Weekly Pricing Pulse: Commodity prices eke out a slight gain as central banks provide support
Markets temporarily took comfort from the Fed's March 3rd decision to cut interest rates and rallied on the news, with our Materials Price Index (MPI) increasing 0.1% last week. This said, the growing number of COVID-19 cases outside of China and the breakdown in negotiations among oil producers spooked investors on Friday. US 10-year treasury yields have since fallen to an all-time low with oil prices plunging, setting up a large retreat in the MPI this week.
A 2.3% rise in the ferrous price index pulled the MPI higher last week as Chinese buyers of iron ore continued to take comfort from stimulus commitments by Chinese authorities, despite Chinese steel inventory rising to an all-time high of 25 million metric tons. Iron ore port stocks did drop last week amidst stronger buying activity and tepid inflows. Non-ferrous prices also rose, but by a smaller 0.6%, also on the promise of stimulus and the hope that Chinese authorities would intervene directly in markets by adding to base metal strategic stockpiles. Exchange inventory of non-ferrous metals continues to rise, however. DRAMs rose a strong 3.3% even in the face of sluggish smart-phone demand. The index has benefitted from the partial resumption of work at server manufacturing facilities in China. In stark contrast to other markets, DRAMs are now up 14.0% since the start of 2020. The energy index fell 2.4% last week due to a 4.7% drop in crude oil prices, offsetting a rare 3.8% rise in natural gas prices. Oil prices cratered over the weekend after OPEC and Russia failed to reach an agreement on additional production cuts. Instead, Saudi Arabia will raise production above 10 Mbbl/d in April and offer deep 20% discounts in certain markets. Prices began falling late over the weekend, with Monday's market open at just $31/bbl, a four and a half year low, setting up what promises to be another volatile week in commodity and equity markets.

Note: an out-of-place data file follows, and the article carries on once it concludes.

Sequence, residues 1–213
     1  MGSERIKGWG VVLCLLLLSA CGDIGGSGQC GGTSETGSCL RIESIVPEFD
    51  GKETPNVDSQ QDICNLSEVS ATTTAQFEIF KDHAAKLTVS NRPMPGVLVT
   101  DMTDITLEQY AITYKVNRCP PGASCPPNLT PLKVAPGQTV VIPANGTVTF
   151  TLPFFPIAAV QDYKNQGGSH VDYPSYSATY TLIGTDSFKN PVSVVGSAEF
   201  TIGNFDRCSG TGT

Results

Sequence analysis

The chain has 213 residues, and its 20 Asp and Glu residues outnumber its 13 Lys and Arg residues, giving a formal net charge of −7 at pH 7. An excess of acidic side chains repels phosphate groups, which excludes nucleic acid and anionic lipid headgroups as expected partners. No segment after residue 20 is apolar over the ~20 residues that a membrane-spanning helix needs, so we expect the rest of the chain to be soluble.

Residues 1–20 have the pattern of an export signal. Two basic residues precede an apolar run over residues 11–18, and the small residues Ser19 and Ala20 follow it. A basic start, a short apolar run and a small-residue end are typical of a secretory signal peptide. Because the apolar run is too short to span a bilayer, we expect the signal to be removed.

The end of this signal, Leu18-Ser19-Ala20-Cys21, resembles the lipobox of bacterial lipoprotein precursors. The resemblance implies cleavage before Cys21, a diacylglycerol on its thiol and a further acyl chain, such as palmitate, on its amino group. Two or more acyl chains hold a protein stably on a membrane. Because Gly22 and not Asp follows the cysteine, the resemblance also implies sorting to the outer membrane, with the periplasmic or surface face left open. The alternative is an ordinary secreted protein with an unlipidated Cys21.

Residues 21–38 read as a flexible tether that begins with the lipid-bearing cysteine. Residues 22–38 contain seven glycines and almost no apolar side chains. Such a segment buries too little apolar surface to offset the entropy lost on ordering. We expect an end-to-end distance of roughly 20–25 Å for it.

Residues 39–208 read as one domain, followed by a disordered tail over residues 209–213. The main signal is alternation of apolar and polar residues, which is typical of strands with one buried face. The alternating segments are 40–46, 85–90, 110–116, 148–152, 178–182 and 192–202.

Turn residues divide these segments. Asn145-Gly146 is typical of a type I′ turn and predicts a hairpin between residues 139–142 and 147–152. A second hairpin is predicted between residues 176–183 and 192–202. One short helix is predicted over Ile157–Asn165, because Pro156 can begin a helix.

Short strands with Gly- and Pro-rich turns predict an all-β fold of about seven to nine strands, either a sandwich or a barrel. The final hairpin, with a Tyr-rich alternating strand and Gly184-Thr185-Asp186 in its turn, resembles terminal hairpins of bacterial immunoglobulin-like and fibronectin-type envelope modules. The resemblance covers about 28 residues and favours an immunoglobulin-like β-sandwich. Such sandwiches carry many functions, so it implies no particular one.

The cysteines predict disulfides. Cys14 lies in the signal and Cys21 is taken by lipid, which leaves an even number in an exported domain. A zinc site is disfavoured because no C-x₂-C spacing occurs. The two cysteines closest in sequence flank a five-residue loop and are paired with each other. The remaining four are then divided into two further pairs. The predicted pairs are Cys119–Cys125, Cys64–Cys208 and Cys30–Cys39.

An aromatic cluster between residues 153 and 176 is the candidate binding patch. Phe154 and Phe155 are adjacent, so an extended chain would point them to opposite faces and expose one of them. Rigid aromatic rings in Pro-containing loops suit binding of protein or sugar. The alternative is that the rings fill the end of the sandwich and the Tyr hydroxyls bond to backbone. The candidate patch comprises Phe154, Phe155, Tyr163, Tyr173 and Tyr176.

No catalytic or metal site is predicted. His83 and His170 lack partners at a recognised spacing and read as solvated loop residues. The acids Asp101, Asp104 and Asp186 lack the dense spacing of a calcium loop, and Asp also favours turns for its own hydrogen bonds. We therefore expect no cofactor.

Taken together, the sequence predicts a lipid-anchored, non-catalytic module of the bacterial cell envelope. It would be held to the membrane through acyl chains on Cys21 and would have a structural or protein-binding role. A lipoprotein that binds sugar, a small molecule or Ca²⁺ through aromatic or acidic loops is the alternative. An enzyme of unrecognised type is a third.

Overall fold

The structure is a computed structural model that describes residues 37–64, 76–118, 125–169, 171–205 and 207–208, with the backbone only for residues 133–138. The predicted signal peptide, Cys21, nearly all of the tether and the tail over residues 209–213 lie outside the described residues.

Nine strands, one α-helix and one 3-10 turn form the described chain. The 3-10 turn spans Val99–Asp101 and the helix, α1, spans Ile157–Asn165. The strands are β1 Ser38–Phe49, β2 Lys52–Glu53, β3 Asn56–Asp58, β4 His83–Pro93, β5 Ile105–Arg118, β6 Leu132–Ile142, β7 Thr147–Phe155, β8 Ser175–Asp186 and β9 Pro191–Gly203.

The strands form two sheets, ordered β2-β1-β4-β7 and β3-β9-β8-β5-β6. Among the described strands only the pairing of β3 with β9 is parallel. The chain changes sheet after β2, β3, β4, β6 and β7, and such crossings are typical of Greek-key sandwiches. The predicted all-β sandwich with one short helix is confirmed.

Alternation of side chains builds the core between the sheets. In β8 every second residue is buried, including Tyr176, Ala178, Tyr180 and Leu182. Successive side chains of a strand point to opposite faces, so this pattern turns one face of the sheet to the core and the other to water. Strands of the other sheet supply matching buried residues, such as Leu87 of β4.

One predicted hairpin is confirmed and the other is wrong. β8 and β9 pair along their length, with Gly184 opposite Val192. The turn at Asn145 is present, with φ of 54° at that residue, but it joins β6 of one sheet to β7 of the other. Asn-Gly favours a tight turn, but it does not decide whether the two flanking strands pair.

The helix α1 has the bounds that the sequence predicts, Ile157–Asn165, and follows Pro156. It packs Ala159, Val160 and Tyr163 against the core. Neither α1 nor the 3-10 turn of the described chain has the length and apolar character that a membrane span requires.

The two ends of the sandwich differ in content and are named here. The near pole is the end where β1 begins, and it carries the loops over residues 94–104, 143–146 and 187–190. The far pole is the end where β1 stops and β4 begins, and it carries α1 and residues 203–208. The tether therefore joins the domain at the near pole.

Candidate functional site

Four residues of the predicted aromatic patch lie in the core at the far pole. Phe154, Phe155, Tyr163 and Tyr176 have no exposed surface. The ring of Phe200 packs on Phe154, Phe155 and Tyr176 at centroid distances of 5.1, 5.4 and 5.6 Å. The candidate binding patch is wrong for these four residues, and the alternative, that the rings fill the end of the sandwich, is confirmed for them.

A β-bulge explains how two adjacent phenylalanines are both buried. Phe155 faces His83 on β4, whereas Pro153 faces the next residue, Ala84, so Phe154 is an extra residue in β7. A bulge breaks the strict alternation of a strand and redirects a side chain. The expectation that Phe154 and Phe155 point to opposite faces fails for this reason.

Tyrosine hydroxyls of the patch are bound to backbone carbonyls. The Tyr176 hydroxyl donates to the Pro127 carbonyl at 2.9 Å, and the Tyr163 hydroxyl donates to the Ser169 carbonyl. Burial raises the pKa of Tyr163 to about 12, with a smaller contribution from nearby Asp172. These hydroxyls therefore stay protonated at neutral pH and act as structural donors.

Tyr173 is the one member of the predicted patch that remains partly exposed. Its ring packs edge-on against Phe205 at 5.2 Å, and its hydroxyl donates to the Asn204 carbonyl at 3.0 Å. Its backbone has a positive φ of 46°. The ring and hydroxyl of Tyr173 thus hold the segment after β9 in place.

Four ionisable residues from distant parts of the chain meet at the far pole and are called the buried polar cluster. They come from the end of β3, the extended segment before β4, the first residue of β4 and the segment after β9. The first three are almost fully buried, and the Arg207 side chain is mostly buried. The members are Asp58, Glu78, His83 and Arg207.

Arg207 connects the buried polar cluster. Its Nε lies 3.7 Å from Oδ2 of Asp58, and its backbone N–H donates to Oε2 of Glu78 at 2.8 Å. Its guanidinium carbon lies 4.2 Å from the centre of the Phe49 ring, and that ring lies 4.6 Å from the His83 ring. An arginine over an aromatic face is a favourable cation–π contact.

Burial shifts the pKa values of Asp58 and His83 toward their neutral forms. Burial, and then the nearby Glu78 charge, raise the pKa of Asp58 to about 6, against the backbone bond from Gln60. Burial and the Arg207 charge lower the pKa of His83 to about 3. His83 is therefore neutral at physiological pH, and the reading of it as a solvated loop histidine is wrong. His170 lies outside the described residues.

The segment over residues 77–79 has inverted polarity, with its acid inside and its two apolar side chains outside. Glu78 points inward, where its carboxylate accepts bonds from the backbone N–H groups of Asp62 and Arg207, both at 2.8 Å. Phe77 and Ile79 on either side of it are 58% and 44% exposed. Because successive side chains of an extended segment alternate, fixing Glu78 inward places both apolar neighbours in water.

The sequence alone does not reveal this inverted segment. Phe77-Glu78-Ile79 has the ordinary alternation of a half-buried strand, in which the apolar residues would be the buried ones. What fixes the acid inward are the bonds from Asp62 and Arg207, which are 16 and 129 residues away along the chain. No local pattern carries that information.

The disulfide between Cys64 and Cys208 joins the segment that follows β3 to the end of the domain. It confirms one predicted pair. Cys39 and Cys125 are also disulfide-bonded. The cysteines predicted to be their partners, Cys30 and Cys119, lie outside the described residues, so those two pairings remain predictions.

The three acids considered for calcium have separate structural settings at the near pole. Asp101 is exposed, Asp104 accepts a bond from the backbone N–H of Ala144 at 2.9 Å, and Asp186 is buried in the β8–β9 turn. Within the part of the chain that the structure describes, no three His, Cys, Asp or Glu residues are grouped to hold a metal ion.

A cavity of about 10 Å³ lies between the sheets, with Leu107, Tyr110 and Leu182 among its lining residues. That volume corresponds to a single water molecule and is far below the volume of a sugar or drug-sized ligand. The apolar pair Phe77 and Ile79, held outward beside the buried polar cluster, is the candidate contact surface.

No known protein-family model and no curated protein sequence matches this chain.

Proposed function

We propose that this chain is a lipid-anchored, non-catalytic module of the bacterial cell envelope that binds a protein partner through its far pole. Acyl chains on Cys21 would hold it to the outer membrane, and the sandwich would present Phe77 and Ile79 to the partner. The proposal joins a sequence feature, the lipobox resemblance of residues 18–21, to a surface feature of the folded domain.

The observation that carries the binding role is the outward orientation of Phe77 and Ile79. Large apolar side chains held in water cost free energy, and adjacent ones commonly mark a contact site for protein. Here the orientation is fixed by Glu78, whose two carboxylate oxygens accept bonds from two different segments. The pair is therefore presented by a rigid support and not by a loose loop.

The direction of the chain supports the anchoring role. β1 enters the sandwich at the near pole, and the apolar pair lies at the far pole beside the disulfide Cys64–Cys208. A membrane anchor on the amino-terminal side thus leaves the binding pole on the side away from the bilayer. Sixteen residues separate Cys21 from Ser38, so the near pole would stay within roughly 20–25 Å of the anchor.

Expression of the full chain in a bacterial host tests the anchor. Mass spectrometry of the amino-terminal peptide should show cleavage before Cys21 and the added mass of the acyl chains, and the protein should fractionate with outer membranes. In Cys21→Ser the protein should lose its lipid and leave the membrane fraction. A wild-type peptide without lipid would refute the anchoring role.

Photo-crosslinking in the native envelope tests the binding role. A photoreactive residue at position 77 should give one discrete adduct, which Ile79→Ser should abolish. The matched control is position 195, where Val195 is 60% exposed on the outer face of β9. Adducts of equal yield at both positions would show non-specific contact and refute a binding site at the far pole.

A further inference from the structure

The Covid-19 pandemic is proving to be both a demand-side (with damage to travel, tourism, and any activities involving large crowds) and a supply-side shock (with major disruptions to supply chains). Moreover, because it appears that the peak impact will not now occur until late in Q2 or in Q3, IHS Markit assumes a U-shaped rather than a V-shaped cycle, with a sharp reduction in 2020 global growth. The Eurozone and Japan will now see recessions this year, with growth in China significantly reduced (below 5%). US growth is also lower and will be less than 2.0% this year. Commodity markets have already seen a large 17% correction since last July. However, the MPI is still some 25% above its January 2016 low, the last time markets experienced a combination of falling oil prices, a sharp slowdown in Chinese manufacturing activity and an ad hoc response by policymakers.
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